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Bush Proposes Increase in Military Death Benefits

President Bush says his fiscal year 2006 budget will give the U.S. military all the tools it needs for victory against terrorism. Mr. Bush says the plan will substantially increase military death benefits. Defense officials say the payments will be raised to $250,000, and back-dated to include the families of those killed since the start of the U.S. invasion of Afghanistan.

President Bush used his weekly radio address to outline some of his budget plans, and to recap the past week's State of the Union address.

He said recent elections in Afghanistan, the Palestinian territories, Ukraine, and Iraq show what he calls freedom's gathering momentum. "The whole world can now see that the assassins and car-bombers are doomed to fail, because they are fighting the desire of the Iraqi people to live in freedom. And when Iraq is democratic, at peace with its neighbors, and able to defend itself, our nation will be safer, and our troops will return home with the honor they have earned," he said.

President Bush says his budget proposal will hold the growth of discretionary spending below inflation, make his record tax relief permanent, and stay on track to cut the deficit in half by 2009.

He is also continuing to push for changes to the federal pension plan, known as Social Security. Mr. Bush wants to allow younger workers to invest a small portion of their Social Security taxes in private accounts to earn a higher rate of return in financial markets than is currently being earned in the federal program.

Congressional Democrats say the president's plan would reduce benefits for older Americans and threaten the retirements of younger workers, who could lose money in the uncertainties of financial markets.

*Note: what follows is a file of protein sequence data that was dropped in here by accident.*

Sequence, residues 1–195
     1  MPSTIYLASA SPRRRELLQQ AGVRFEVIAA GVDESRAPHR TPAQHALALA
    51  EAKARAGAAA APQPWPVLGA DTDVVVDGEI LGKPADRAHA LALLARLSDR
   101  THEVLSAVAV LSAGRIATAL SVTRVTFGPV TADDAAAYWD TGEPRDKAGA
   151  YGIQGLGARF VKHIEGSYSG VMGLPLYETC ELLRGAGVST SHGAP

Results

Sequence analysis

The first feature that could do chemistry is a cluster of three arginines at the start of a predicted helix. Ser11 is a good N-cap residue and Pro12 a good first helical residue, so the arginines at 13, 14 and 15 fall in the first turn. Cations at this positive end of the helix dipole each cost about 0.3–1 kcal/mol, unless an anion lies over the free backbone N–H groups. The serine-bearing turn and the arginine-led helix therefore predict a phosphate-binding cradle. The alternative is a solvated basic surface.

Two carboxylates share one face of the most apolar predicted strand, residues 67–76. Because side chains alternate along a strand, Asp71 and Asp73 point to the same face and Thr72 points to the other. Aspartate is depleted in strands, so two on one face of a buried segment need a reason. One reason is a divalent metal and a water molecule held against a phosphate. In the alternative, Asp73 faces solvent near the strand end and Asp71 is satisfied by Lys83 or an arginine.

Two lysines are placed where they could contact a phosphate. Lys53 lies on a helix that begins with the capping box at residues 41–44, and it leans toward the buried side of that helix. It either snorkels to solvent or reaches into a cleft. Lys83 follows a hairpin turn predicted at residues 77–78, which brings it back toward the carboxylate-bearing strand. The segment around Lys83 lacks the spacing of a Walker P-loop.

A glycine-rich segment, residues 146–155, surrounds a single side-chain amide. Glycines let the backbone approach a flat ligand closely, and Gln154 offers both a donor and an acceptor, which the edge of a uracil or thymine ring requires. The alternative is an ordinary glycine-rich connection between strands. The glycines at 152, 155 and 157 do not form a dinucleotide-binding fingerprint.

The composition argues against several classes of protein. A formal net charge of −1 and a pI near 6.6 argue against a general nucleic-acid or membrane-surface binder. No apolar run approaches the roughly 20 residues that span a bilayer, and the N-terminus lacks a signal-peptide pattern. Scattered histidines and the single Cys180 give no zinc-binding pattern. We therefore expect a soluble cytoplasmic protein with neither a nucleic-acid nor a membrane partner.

In the Democratic radio address, outgoing party chairman Terry McAuliffe said the president's plan would cut benefits for future retirees by nearly half, regardless of private investment accounts. "And here's the worst part. Even after all those cuts and massive borrowing, private accounts would actually do nothing to help save Social Security. Don't take my word for it. Bush's own White House admitted that this week. In fact, private accounts would actually speed the insolvency of the program. Benefit cuts, massive debt, and more insecurity are not the type of drastic changes we need to make to our nation's retirement security," he said.

Mr. McAuliffe says Democrats agree the program faces problems down the road, but he says the nation has time to do it right.

President Bush says it is time to act now before, he says the program begins paying out more than it is taking in by 2018.

Mr. Bush says his plan protects older Americans by ensuring that all benefits remain the same for everyone born before 1950. For those born after that date, voluntary investments would be restricted to a financial conservative mix of bonds and mutual funds.